The authors express their gratitude to all Turkish- and Moroccan-Dutch women who participated in the study and those who worked with them to design, develop, and pretest the questionnaire and the culturally sensitive educational video (CSEV). The authors also thank Abdelkarim and Asma El-Fassi (video producer and director) for designing and developing our CSEVs and their help in recruiting Turkish- and Moroccan-Dutch women. The authors would like to thank their own network, influencers, key figures and informants, Facebook groups, mosques, community centers, and foundations that helped with the recruitment of Turkish- and Moroccan-Dutch women. The authors are thankful to the Association Moroccan Doctors Netherlands and Foundation Health Immigrants Netherlands for their help during the development of the questionnaire and the CSEVs and recruitment of Turkish- and Moroccan-Dutch women. The use of the web-based respondent-driven sampling software system developed by the Karolinska Institutet, UMC Utrecht, and the Dutch National Institute for Public Health and the Environment is gratefully acknowledged. The authors thank Elle Langens of the Centre for Population Screening of the Dutch National Institute for Public Health and the Environment for her valuable input during the development of the questionnaire and the CSEVs. This study was part of a larger research project called the FEMININE study, which was funded by The Netherlands Organization for Health Research and Development (nr: 531002030). The funder had no role in the study design, data collection, data analysis, data interpretation, writing of the report, and the decision to submit the article for publication.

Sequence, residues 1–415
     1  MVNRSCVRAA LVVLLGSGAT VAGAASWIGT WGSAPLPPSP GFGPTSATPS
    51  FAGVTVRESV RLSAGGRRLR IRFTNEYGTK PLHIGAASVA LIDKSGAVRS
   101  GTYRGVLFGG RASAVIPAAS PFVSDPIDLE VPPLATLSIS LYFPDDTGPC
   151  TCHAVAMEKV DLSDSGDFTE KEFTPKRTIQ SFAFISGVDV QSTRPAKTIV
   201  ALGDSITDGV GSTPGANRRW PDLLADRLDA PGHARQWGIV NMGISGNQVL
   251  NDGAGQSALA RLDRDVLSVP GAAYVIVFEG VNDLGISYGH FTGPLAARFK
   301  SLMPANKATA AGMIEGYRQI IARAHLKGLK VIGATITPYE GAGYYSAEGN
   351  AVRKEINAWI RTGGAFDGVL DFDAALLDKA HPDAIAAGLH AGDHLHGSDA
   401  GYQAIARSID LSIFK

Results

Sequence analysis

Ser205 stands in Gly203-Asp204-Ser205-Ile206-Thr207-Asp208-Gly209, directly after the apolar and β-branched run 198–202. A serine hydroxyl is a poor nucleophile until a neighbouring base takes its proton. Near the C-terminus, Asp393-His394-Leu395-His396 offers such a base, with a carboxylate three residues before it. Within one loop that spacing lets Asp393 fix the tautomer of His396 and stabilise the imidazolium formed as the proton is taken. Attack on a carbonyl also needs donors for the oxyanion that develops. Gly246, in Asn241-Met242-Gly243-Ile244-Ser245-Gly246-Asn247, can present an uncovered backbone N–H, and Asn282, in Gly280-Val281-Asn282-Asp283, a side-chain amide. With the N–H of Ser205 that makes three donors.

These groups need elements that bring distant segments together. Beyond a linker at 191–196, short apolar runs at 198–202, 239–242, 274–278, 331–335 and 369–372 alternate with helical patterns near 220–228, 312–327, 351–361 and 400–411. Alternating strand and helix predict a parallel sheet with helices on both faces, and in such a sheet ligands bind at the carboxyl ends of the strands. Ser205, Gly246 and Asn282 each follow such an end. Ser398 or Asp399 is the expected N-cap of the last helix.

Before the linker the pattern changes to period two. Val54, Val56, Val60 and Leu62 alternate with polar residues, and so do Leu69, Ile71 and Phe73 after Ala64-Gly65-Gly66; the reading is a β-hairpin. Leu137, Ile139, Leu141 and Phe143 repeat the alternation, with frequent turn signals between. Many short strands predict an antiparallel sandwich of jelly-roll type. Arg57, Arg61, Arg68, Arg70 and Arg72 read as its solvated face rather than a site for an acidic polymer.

AT, MvdM, MLS, JvS, and NH conceptualized the study and acquired funding. AK, MNÇ, and NH recruited the respondents and collected the data. NH performed the formal analysis. NH wrote and prepared the first draft of the manuscript. MLS, JvS, RC, MB, AK, MNÇ, AT, and MvdM reviewed and revised the manuscript. All the authors read and approved the final version of the manuscript. All the authors had full access to all the data in the study and are responsible for the integrity of the data and the accuracy of the data analysis.
Conflicts of Interest
Supplementary tables and figures.DOCX File , 397 KB
CONSORT-eHEALTH Checklist (V 1.6.1).DOCX File , 804 KB
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|CC: cervical cancer|
|CONSORT: Consolidated Standards of Reporting Trials|
|CSEV: culturally sensitive educational video|
|GP: general practitioner|
|hrHPV: high-risk human papillomavirus|
|IDM: informed decision-making|
|RDS: respondent-driven sampling|
Edited by A Mavragani; submitted 24.12.21; peer-reviewed by A Murat Ringot, J Polo; comments to author 13.05.22; revised version received 18.05.22; accepted 19.05.22; published 26.10.22Copyright
©Nora Hamdiui, Mart L Stein, Jim van Steenbergen, Rik Crutzen, Martine Bouman, Abresham Khan, Miyase N Çetin, Aura Timen, Maria van den Muijsenbergh. Originally published in the Journal of Medical Internet Research (https://www.jmir.org), 26.10.2022.